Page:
The Evaluation of the Family Nurse Partnership Programme in Scotland: Phase 1 Report – Intake and Early Pregnancy

The Family Nurse Partnershhip (FNP) is a preventative programme for first time teenage mothers and their babies. FNP is being tested in Scotland for the first time. This is the first interim evaluation report and focuses on the intake and early pregnancy phases of the programmes implementation.


3.1 Aims and objectives of the evaluation

The overall aim of the evaluation is to assess the implementation of the FNP programme in Edinburgh, and to use the learning from this to assess whether the programme can be implemented in other areas of the country.

The evaluation focuses on three broad questions:

  • Is the programme being implemented as intended? If not, why not?
  • How does the programme work in Scotland (Lothian)?
  • How do Nurses, clients and the wider services respond to the programme?
  • What are the implications for future nursing practice?
  • What factors support or inhibit the delivery of the programme?
  • What is the potential for FNP to impact on short, medium and long term outcomes relevant to Scotland?

3.2 Monitoring and evaluation framework

The evaluation combines analysis of quantitative monitoring data collected by NHS Lothian on the experiences of all 148 FNP clients, and qualitative data collected by ScotCen (the external evaluation team) on a smaller sub-sample of clients interviewed at regular intervals as they progress through the programme.

Following three logic modelling events, which involved key stakeholders from Scottish Government, NHS Lothian and City of Edinburgh Council, it was agreed that the internal monitoring and external evaluation of the test site in Edinburgh for FNP would:

  • distil learning on FNP delivery in Edinburgh, including the barriers faced
  • explore views on the skills, systems and infrastructure believed to be necessary to implement the programme, and challenges faced in achieving these; and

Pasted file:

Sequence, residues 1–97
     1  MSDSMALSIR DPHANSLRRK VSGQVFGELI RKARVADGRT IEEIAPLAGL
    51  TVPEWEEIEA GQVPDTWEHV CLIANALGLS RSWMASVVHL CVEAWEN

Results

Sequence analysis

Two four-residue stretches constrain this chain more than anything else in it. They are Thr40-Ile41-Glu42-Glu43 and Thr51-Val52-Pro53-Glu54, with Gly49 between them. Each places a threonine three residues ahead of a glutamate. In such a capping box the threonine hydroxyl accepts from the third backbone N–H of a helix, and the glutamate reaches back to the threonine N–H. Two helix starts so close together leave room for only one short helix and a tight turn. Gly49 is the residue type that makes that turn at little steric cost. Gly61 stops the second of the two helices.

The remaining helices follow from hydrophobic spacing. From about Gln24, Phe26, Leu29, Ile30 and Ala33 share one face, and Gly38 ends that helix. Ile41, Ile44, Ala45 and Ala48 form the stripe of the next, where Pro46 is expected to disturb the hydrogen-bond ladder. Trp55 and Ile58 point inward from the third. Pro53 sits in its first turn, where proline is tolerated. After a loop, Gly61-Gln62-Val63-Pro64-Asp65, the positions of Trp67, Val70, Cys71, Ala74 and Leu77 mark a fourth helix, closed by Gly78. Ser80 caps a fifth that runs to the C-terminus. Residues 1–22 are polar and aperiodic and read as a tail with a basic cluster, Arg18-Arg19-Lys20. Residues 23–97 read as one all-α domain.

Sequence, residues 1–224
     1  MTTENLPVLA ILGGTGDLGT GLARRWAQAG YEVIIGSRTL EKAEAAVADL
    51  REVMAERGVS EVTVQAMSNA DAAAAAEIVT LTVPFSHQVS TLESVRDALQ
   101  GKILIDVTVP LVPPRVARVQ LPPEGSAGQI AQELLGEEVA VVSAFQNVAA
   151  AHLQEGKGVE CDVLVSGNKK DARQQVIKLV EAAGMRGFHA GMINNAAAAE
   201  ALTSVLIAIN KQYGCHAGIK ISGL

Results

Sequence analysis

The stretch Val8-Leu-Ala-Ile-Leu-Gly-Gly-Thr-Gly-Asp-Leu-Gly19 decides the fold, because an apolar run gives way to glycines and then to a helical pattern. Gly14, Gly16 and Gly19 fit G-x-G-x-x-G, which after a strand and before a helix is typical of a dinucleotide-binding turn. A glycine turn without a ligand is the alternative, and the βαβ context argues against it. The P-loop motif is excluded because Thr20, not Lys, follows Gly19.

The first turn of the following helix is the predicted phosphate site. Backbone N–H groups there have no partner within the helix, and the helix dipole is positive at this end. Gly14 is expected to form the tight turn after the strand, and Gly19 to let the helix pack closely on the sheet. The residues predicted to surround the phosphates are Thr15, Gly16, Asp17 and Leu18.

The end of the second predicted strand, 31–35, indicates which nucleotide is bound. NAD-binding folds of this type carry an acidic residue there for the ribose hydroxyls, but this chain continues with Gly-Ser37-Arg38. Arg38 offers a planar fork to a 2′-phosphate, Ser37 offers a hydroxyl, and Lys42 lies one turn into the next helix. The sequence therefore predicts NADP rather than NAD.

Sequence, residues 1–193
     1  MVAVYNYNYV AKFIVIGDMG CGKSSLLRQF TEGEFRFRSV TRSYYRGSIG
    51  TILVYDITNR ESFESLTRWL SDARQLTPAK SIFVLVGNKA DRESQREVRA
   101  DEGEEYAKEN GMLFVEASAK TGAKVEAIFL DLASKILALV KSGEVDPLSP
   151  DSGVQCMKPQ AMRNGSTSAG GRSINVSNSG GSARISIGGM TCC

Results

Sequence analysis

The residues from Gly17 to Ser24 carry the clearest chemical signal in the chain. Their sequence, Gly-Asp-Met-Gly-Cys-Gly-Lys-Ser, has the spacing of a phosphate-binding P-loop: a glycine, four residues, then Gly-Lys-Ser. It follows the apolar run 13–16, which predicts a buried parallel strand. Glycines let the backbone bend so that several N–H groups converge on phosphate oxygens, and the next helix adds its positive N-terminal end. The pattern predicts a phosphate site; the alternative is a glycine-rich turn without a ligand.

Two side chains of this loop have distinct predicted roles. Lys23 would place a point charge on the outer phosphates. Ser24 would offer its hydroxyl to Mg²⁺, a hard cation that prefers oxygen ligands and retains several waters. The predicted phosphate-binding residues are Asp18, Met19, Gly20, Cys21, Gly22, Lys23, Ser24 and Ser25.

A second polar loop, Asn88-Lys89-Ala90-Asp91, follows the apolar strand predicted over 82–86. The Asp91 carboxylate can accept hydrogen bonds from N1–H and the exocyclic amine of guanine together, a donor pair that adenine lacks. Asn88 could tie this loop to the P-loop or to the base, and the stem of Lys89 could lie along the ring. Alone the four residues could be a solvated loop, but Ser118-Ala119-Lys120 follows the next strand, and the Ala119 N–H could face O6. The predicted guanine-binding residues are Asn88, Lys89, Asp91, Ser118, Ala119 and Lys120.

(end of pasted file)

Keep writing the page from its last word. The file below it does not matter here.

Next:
• contribute to national learning on how the programme (or aspects of it) might be used in the future.

A full description of how the monitoring and evaluation framework was agreed and of the three logic models that informed this is available in Appendices C and D.

3.3 Overview of research methods

The evaluation research is addressing the objectives set out above using a range of formative and summative approaches, including:

  • A review of published and grey literature to inform the evaluation (on-going)
  • The development of a monitoring and evaluation framework using a logic modeling approach based around Theories of Change
  • Analysis of data collected for all clients using the measures developed for routine monitoring, to assess the implementation of the programme
  • Longitudinal qualitative research (case study approach) involving repeat in-depth matched interviews with a panel of up to 15 clients (4 interviews - during pregnancy, 3 months after birth, when their baby is 12 months old, and when their baby is 24 months old), a nominated significant other (2 interviews) and the clients' Family Nurses (2 interviews), at key points during the client's pregnancy and the first two years of her child's life
  • Key stakeholder and FNP Edinburgh team interviews at key points to inform and reflect their understandings of the implementation of the programme.

This report focuses on the client recruitment and pregnancy phases of FNP and, hence, on the first interviews with clients, Family Nurses and with key stakeholders. It also draws on monitoring data relating primarily to the client recruitment phase. By the end of the evaluation, however, the following longitudinal data will be available:

  • Monitoring information for all clients, from initial engagement to leaving the programme
  • Repeat interviews with key stakeholders
  • Case studies for 15 clients which will bring together:
  • clients' views and experiences of the programme, from their initial engagement with FNP until their child is 24 months old (4 interviews)
  • their Family Nurses' views of these clients' involvement with the programme, and of the role the Family Nurses have played with respect to these clients (2 interviews)
  • the views and experiences of clients' "significant others" (2 interviews).

3.4 Ethical and NHS approval

Application for ethical approval was submitted to the South-East Scotland Research Ethics Committee. The study was approved May 2010. Application was simultaneously sought for local NHS access and this was received June 2010. Recruitment of clients to the evaluation therefore began after all approvals had been received. This meant that clients who enrolled with FNP in the earliest months of the FNP recruitment phase were not able to be recruited to the evaluation qualitative panel.

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